Janet Ecker, Minister of Community and Social Services, Toronto.

On March first I published an article critical of the provincial government's Prevention of Unionism Act and on 11 March the Spectator published a response by Community and Social Services Minister Janet Ecker. In her apology for the Act, the Minister stated that its intention was to prevent "some labour leaders" from disrupting Ontario's Workfare program "by threatening to unionize welfare recipients who participate, or by harassing community agencies which offer help."

There are some serious flaws in this "explanation." First of all if "some labour leaders" are determined enough and skilled enough to organize welfare recipients with a view towards disrupting the workfare program, Bill 22 will not stop them from doing that. As the Minister notes Workfare recipients are not legally classified as employees and therefore cannot make use of the union certification procedures of the Ontario Labour Relations Act. However, even if the province tries physically to stop them, the Federal Charter of Rights and Freedoms clearly gives all Canadians, including Workfare recipients, the right to organize in their own interests and engage in activities such as the picketing of community agencies if they want to do that.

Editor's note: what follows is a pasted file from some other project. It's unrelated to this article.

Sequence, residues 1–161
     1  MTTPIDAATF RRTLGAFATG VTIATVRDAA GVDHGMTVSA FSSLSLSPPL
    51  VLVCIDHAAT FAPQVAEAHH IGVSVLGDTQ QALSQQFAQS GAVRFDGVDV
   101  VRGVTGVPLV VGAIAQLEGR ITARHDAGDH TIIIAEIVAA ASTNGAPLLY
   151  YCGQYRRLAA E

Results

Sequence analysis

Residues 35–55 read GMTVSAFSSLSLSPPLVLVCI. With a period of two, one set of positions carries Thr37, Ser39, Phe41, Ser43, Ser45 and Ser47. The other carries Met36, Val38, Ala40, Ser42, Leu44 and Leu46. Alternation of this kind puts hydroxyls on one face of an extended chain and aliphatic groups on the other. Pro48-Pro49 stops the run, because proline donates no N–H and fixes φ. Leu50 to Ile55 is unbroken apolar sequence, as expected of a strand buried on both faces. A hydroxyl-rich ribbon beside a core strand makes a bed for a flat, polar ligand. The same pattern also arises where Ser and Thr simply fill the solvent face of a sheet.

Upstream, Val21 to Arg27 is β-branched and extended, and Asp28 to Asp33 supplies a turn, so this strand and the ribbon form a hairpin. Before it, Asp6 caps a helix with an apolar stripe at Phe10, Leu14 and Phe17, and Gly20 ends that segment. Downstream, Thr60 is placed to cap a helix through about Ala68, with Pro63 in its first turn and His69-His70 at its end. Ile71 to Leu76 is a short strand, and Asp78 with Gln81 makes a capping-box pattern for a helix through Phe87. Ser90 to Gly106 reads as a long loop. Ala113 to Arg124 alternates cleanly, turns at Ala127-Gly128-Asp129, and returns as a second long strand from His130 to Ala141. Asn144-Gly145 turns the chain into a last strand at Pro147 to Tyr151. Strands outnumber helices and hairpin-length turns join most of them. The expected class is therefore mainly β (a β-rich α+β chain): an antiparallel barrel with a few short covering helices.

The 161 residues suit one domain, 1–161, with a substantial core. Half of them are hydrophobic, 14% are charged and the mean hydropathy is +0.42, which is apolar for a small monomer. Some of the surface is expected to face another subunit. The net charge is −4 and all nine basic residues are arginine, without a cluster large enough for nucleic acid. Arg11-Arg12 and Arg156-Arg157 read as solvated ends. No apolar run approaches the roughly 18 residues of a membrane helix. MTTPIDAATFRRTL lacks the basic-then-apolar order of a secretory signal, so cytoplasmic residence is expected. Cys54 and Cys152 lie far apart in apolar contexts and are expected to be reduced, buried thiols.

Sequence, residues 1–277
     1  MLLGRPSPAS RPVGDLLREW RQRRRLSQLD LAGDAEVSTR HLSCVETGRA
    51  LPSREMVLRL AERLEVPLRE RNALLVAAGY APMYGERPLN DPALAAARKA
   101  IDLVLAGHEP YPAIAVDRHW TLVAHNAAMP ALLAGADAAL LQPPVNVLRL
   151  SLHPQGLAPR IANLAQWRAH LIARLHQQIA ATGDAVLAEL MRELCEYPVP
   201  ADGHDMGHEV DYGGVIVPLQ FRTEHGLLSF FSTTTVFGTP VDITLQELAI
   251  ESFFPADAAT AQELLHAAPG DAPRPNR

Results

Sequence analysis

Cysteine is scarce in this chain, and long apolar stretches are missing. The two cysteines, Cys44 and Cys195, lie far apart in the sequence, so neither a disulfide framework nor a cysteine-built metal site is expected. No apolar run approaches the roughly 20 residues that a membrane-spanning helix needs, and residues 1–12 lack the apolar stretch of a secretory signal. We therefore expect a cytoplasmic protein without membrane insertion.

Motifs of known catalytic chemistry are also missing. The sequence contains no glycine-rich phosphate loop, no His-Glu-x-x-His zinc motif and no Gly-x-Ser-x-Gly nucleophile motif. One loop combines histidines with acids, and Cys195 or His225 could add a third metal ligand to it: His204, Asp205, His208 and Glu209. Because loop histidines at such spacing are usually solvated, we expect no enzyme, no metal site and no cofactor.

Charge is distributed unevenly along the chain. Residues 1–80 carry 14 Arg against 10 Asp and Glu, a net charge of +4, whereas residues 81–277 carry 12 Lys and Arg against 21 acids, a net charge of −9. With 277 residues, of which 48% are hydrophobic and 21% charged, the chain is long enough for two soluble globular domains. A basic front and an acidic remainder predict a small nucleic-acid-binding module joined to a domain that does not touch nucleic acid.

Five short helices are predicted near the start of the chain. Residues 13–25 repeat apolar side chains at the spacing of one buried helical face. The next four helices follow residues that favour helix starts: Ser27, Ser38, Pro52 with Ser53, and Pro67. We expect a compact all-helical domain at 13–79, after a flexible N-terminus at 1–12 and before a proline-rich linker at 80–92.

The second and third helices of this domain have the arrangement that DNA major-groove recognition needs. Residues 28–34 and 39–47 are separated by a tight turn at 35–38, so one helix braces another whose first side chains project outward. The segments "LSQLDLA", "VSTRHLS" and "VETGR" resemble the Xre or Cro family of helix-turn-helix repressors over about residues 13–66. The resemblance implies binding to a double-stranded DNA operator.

So, the first thing to be said is that the Bill does not do (legally) what the Minister tells us it was intended to do. The Minister is not being truthful with us when she claims that Bill 22 gives her the power stop "some labour leaders" from submarining her Workfare program.

The second serious problem with the Minister's explanation is that it sidesteps the criticism aimed at Bill 22 by the United Nation's Committee on Economic, Social and Cultural Rights. In the wake of the holocaust the nations of the world in the 1940s established a set of international standards embodied in the Universal Declaration of Human Rights. In essence they pledged that they would give up as policy instruments a list of unsavory activities engaged in by governments throughout history such as torture, imprisonment without trial and murder for political convictions. Included in that list was a pledge not to outlaw unions.